Victor Phillips, recently retired after four decades’ career in natural resources management and education, shares time between Wisconsin’s Fresh Coast and Costa Rica’s Pacific Coast. His hobby interest in writing short stories fulfills a lifelong passion in creative fiction, especially those with uplifting endings. His former professional writings—technical scientific works—are approved to cure insomnia.
I’ve experienced difficulty breathing for 75 days. At approximately 10 o’clock in the evening, anxiety, shortness of breath, and headache were initial symptoms. Subsequently, onset of panic and agitation, mild shaking tremors, and fearfulness manifest as discomfort in the pit of the stomach and hollow rumblings in the intestines. Diarrhea accompanied with insomnia developed within 24 hours. My first self-medication consisted of two Pepto-Bismol tablets taken with 10–12 ounces of water after each of six eliminations of increasingly loose stool. I remained bedridden and close to the toilet. Sore throat and mild fever of 100° F followed within 48 hours, at which time I began a regimen of two extra-strength Tylenol caplets three times a day. Onset of sinus pressure, sneezing and post-nasal drip occurred within 72 hours. Loss of appetite accompanied increasing fatigue and malaise, with persistent headache, low-grade fever, and increasing stuffiness. Intermittent snacks of saltine crackers, canned chicken soup, and lime Jello were all I could keep down. Plugged ears and nose, yellow mucous from a productive cough and continuing headache and fever indicative of a bad cold ensued. Without flu symptoms of body ache and muscle pain, I remained convalescing at home through the weekend to let the cold run its course. I switched from Tylenol to DayQuil and NyQyil over-the-counter cold relief formulas to seek comfort and rest for my miseries.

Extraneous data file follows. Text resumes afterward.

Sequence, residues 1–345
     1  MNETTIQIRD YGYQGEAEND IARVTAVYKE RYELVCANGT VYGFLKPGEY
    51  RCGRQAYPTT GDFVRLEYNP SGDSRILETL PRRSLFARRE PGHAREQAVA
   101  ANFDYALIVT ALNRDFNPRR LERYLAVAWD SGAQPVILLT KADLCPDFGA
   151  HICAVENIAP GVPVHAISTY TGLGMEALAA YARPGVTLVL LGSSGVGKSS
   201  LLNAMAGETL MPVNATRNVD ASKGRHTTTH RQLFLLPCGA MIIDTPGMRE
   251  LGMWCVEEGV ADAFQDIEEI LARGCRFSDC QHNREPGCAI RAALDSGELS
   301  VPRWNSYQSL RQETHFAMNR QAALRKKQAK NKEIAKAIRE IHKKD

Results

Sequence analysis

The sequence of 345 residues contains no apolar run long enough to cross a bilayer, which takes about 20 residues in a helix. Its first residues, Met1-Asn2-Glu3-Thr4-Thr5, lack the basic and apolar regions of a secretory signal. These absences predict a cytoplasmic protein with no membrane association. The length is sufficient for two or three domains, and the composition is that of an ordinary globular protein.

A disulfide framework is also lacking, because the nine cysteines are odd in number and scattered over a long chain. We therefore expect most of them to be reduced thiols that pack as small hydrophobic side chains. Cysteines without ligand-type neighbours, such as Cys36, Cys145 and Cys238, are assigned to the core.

As a leukemia survivor, thanks to an allogenic bone marrow transplant, my new immune system was being put to the test. Within a week, headache, sore throat, diarrhea and fever subsided, but sinus and chest congestion exacerbated. I substituted over-the-counter meds again, now taking Mucinex to break up phlegm and encourage expectoration. However, the congestion seemed to settle deep in the lungs and sinuses. After two weeks, a dry, unproductive cough and persistent wheeze developed. I began a different Mucinex formulation suggested by the pharmacist, but the congestion remained after another four or five days. My appetite improved during this time, as I was determined to return to a more normal routine, take some fresh air outdoors, and beat this nagging illness. I ran errands, worked at home, attended to bills, completed light housework, bathed and dressed, all attempts at resuming a healthy schedule. I drove to my quarterly blood draw at the hospital to track and confirm my blood chemistry values for post-leukemia remission. Relieved to learn that all lab test indicators were in the normal range, I continued to hack and cough through the year-end holiday season.
Developing a slight fever again, always feeling slightly sick and tired, I decided to schedule an appointment with my Primary Care physician, an Internal Medicine specialist. As my blood work was performed recently and indicated normalcy, he decided to forego additional lab work. With only a slight fever of 99° F, wheezing readily apparent through his stethoscope, he determined I had a secondary bacterial infection in my lungs following a cold virus. He prescribed a 10–day regimen of oral antibiotic Doxycycline, an albuterol spray inhaler Rx to open lung passages, and an over-the-counter nasal decongestant.
Per my doctor’s orders, I administered these drugs to eliminate my sneezing, deep wheezing, dry cough, and mucous-filled sinuses and lungs without success. It remains difficult to breathe. I feel run down. Ill. But without fever, headache, sore throat or other symptoms of active infection, there is nothing more to be done. Something’s stuck in my craw. I’m simply to abide without treatment and without complaint. I’m told the condition will dissipate precisely four years from now.
On Inauguration Day.